Believe me, this boy at this particular point is typical of pious frauds.  You find many such frauds even in fundamental circles today.  They talk about the Lord leading them.  My, sometimes the Lord “leads” them to do some very unusual things!  I find out sometimes that Christian men think they can do things that the mafia would be arrested for.  But these men can very piously pray about it and say that it is the Lord’s will.  Believe me, Jacob at this point is a pious fraud.  The Lord had nothing to do with his deception.

 

 

21 And Isaac said unto Jacob, Come near, I pray thee, that I may feel thee, my son, whether thou be my very son Esau or not.

 

Poor old Isaac was still not convinced.  He sensed something was wrong, but he could not put his finger on it.  He tried again, summoning Jacob closer so that he could feel his flesh—a tense moment indeed.

 

 

22 And Jacob went near unto Isaac his father; and he felt him, and said, The voice is Jacob's voice, but the hands are the hands of Esau.

 

“The voice is Jacob's voice,” he said, “but the hands are the hands of Esau.” You can tell that Isaac suspected something was wrong, but Rebekah knew Isaac very well and she had worked out every detail.

 

 

23 And he discerned him not, because his hands were hairy, as his brother Esau's hands: so he blessed him.

24 And he said, Art thou my very son Esau? And he said, I am.

 

Unwilling to trust his ears, Isaac felt Jacob’s hands and mistook goatskin for human hair, and Jacob assured him again that he indeed was Esau.  “And he said, Art thou my very son Esau? And he said, I am” [lie number 6].  A lie had to sustain a lie, and a tangled web had begun to be woven.  How tragic it is to see a son so dishonor his father!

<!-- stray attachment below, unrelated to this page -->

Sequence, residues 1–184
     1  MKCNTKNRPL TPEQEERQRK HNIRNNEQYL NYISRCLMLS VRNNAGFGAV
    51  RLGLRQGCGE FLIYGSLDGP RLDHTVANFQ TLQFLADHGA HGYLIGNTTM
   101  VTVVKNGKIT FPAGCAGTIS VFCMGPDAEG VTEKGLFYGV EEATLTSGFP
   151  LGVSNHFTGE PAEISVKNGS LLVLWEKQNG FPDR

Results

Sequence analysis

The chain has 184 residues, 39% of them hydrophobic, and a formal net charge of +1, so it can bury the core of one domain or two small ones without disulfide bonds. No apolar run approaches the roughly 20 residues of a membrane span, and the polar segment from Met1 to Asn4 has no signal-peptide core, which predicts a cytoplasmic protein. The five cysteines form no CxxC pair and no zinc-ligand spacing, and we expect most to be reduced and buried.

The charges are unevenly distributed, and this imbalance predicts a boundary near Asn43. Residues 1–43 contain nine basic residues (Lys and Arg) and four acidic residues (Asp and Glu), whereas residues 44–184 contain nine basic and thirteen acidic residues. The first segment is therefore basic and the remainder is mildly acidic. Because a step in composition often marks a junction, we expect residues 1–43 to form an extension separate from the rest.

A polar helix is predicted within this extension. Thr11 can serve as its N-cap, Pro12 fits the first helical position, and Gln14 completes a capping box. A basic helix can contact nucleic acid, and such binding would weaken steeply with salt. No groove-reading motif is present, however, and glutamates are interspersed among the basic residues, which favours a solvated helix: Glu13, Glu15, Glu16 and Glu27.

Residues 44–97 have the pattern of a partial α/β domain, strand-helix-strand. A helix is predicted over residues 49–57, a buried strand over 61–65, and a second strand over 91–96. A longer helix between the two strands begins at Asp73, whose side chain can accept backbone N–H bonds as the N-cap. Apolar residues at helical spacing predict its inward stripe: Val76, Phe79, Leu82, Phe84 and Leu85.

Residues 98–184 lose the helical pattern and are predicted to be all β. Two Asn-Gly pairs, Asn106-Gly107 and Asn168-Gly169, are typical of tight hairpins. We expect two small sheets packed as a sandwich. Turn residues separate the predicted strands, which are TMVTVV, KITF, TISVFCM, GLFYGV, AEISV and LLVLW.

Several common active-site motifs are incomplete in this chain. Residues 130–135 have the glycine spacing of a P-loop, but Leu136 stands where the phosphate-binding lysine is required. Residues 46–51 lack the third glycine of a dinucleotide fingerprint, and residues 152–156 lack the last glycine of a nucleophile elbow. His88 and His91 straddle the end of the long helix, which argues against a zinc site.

25 And he said, Bring it near to me, and I will eat of my son's venison, that my soul may bless thee. And he brought it near to him, and he did eat: and he brought him wine, and he drank.

 

Partially satisfied, Isaac called for the meat and ate (25).  But clearly the sound of that voice troubled him (22).  Under the ruse of asking for a kiss, the father “smelled . . . his raiment” (27).  But Rebekah had anticipated that (15).  Finally convinced, Isaac proceeded to give the blessing (28-29). 

 

26 And his father Isaac said unto him, Come near now, and kiss me, my son.

27 And he came near, and kissed him: and he smelled the smell of his raiment, and blessed him, and said, See, the smell of my son is as the smell of a field which the LORD hath blessed: